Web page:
Feast and Fluid: A Night at Stir Boston
Last Thursday I collected on a very generous birthday present: Dave and I went to Stir Boston. If you haven’t already heard about Stir, I can tell you without hesitation that it is the most luxurious cooking class I have ever taken. You won’t do any chopping at this class, no whisking, peeling, sautéing – heck, you won’t even stand. You’ll sidle up to the kitchen island with 9 other people, drink a glass of champagne poured by the Sommelier, and watch your animated and knowledgeable chef prepare a fantastic meal, which she’ll serve to you, course by course.
The Stir Boston space is very small, with barely room for 10 around the table. However, rather than feeling cramped, it is cozy, with one wall in the room devoted entirely to cookbooks. During the evening you’ll enjoy great wine (extremely thoughtful pairings- oenophiles rejoice) and verbally mingle with your fellow diners as well as the chef. Our French Country Comfort Food class went from 7-9:45pm and included 6 small courses, 4 glasses of wine, and a pleasurable crowd of people. The amiable group was important, a class experience at Stir could be marred – if not ruined – by one or two overbearing personalities. We were lucky to have a few Stir regulars at our class who already knew the chef (Stephanie) and the drill (“Now we vote on our favorite course! I’ll write down everyone’s choices!”). These experienced guests drew out the newbies, asking us questions about ourselves and our interest in French food. By the second glass of wine everyone felt comfortable asking Stephanie questions about what she was cooking, why she was using certain ingredients, and how we could incorporate her techniques into our own meals at home.
Depending on the crowd, an evening at Stir could feel more like a social event than an educational experience, so if you’re looking for a very serious, hands on class, this is not for you. However, even from the comfort of my stool and with an arm around my date, I picked up a few tips (noted below). Check out the rest of this post for some pictures, the run down of our food for the evening, and the recipe from my favorite course, a monkfish stew.
Tips from Chef Stephanie:
-Stephanie used Grapeseed oil for all of her sautéing, citing its high smoke point and mild flavor. Who knew?
-She also finished many of her dishes with White Balsamic Vinegar. White Balsamic is less sweet than regular Balsamic, and doesn’t have the syrupy texture. It added a subtle brightness without salt – I went out and bought some the next day.
-When making a sauce, Stephanie ran her finger down a ladle and said, “We’re looking for the ‘nappe,'” which she explained is the stage of a sauce when the liquid will coat a spoon.
-When a liquid is boiling with fast bubbles, it means there is a lot of water in it. When the bubbles slow, it means the sauce is reducing and thickening.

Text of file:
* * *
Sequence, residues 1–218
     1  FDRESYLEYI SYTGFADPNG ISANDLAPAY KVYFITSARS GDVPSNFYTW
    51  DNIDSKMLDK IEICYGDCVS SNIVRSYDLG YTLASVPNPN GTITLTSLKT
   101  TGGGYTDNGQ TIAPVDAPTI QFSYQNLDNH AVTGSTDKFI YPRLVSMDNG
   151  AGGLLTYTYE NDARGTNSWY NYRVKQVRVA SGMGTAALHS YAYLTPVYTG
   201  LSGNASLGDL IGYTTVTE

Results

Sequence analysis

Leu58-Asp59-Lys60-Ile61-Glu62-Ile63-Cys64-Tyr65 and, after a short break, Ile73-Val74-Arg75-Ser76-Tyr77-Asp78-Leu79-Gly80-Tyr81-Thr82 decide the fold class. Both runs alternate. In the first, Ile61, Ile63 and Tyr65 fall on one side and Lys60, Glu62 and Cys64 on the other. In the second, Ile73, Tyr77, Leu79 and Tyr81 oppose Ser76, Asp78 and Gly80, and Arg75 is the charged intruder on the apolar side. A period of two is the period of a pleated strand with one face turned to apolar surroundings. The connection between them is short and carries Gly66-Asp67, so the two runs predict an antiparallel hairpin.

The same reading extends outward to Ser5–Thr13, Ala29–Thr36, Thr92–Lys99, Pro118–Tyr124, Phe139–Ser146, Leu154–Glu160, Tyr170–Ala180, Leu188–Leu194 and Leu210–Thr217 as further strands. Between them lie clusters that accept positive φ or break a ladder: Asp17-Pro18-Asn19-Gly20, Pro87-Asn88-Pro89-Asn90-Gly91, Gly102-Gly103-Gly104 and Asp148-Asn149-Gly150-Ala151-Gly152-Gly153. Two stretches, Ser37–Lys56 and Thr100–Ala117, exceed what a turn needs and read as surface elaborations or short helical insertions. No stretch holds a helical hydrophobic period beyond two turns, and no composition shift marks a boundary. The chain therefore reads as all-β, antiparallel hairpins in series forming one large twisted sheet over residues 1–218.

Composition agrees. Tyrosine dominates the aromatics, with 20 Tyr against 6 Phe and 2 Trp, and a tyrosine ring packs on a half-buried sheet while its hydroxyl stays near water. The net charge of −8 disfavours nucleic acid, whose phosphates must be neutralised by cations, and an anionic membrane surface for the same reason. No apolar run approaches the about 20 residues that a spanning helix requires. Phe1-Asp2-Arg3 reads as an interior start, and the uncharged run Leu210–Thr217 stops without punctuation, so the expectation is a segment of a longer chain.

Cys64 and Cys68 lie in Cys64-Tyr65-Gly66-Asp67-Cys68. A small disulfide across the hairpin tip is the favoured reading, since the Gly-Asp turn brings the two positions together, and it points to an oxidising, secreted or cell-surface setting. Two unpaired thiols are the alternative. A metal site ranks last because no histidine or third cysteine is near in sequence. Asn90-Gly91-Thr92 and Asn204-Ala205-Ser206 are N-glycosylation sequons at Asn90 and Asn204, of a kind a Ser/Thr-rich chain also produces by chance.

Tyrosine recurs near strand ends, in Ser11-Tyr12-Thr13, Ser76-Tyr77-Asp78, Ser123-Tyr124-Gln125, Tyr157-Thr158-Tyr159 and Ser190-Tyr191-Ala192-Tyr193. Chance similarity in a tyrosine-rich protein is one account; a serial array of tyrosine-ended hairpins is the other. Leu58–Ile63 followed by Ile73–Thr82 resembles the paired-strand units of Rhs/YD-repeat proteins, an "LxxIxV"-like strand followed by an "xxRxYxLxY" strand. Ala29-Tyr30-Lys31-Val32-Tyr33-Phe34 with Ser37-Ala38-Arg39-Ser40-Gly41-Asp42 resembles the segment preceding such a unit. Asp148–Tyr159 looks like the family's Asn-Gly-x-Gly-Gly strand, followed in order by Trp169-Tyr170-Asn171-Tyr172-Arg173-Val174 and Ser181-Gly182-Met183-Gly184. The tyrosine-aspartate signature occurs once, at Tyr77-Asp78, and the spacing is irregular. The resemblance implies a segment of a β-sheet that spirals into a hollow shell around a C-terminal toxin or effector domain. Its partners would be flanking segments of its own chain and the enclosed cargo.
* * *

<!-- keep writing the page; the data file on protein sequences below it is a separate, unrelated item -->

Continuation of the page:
-If you put mushrooms in meatballs, you will keep them moist.
Armchair Travel: French Country Comfort Food
First: A trio of Madelines – chive, chorizo, and comte (Pairing: NV Roderer Champagne Brut*)
Second: Quiche Lorraine: greens, bacon, and Comte
Third: Lotte a L’armoricaine -stew with monkfish, saffron, and Cognac (Pairing: 2009 Mas Christine Cotes du Roussillon Blanc – buttery, smooth, amazing)
Fourth: Tartiflette – potato, ham and reblochon (Pairing: 2009 Thinvin Brouilly Beaujolais – very smooth, cut the rich umami of the cheese)
Fifth: Coq au Vin Crepinette – red wine mushrooms, meatballs and pearl onions
Sixth: Apple Tarte Tatin – orange, lavender and creme fraiche (Pairing: 2008 Chateau Bel Air Sainte Croix du Mont)
Lotte A L’Armoricaine
1 ½ pounds monkfish, or other firm fish, cut into large pieces
1 teaspoon minced garlic
2 tablespoons minced shallot
1 cup seeded & diced tomato
½ teaspoon saffron
1 tablespoon tomato paste
1 teaspoon thyme
2 teaspoons parsley, chopped
2 tablespoons cognac
4 tablespoons dry white wine
1 cup clam juice
¼ cup heavy cream
kosher salt and freshly ground black pepper
In a large pan with deep sides, drizzle the bottom with grapeseed oil, and place over medium-high heat. Add the fish, and cook for about 3 minutes, until the fish has begun to brown and slightly cook. Adding more oil if necessary, add the shallot and garlic, cooking for 1-2 minutes, until tender and translucent, but not brown. Add the tomato paste and diced tomato, and cook for about 3 minutes. Add the saffron, thyme, and parsley, and stir to combine.
Pour in the wine and cognac, making sure to stir and scrape up any brown bits that have started to stick to the bottom. Cook until the wine and cognac have reduced and there is barely any liquid left in the pan. Add the clam juice and cream, cover, and reduce the heat. Allow to simmer for about 8 minutes.